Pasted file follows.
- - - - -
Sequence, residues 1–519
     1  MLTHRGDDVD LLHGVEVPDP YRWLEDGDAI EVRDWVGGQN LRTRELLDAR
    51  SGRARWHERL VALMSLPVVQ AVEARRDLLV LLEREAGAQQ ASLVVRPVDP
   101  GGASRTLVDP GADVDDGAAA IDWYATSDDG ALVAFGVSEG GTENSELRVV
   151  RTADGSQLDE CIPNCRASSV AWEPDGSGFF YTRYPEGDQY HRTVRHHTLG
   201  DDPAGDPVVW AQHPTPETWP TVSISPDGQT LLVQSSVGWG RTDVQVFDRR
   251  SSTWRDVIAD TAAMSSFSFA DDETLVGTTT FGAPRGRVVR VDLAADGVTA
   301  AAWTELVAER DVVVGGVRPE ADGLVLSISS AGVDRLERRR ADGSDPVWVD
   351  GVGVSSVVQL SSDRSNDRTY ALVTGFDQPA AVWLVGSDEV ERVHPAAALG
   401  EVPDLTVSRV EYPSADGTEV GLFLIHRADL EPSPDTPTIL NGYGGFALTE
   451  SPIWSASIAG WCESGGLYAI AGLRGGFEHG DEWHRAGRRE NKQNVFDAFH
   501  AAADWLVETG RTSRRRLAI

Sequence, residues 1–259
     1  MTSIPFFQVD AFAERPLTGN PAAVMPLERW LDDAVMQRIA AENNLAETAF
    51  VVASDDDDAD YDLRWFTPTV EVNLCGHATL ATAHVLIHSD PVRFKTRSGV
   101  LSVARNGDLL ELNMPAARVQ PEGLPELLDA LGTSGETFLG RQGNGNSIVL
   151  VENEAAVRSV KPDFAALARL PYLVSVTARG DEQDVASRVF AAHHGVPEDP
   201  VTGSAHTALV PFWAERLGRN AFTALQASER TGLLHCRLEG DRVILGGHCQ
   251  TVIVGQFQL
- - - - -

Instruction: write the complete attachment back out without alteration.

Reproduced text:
Sequence, residues 1–519
     1  MLTHRGDDVD LLHGVEVPDP YRWLEDGDAI EVRDWVGGQN LRTRELLDAR
    51  SGRARWHERL VALMSLPVVQ AVEARRDLLV LLEREAGAQQ ASLVVRPVDP
   101  GGASRTLVDP GADVDDGAAA IDWYATSDDG ALVAFGVSEG GTENSELRVV
   151  RTADGSQLDE CIPNCRASSV AWEPDGSGFF YTRYPEGDQY HRTVRHHTLG
   201  DDPAGDPVVW AQHPTPETWP TVSISPDGQT LLVQSSVGWG RTDVQVFDRR
   251  SSTWRDVIAD TAAMSSFSFA DDETLVGTTT FGAPRGRVVR VDLAADGVTA
   301  AAWTELVAER DVVVGGVRPE ADGLVLSISS AGVDRLERRR ADGSDPVWVD
   351  GVGVSSVVQL SSDRSNDRTY ALVTGFDQPA AVWLVGSDEV ERVHPAAALG
   401  EVPDLTVSRV EYPSADGTEV GLFLIHRADL EPSPDTPTIL NGYGGFALTE
   451  SPIWSASIAG WCESGGLYAI AGLRGGFEHG DEWHRAGRRE NKQNVFDAFH
   501  AAADWLVETG RTSRRRLAI

Sequence, residues 1–259
     1  MTSIPFFQVD AFAERPLTGN PAAVMPLERW LDDAVMQRIA AENNLAETAF
    51  VVASDDDDAD YDLRWFTPTV EVNLCGHATL ATAHVLIHSD PVRFKTRSGV
   101  LSVARNGDLL ELNMPAARVQ PEGLPELLDA LGTSGETFLG RQGNGNSIVL
   151  VENEAAVRSV KPDFAALARL PYLVSVTARG DEQDVASRVF AAHHGVPEDP
   201  VTGSAHTALV PFWAERLGRN AFTALQASER TGLLHCRLEG DRVILGGHCQ
   251  TVIVGQFQL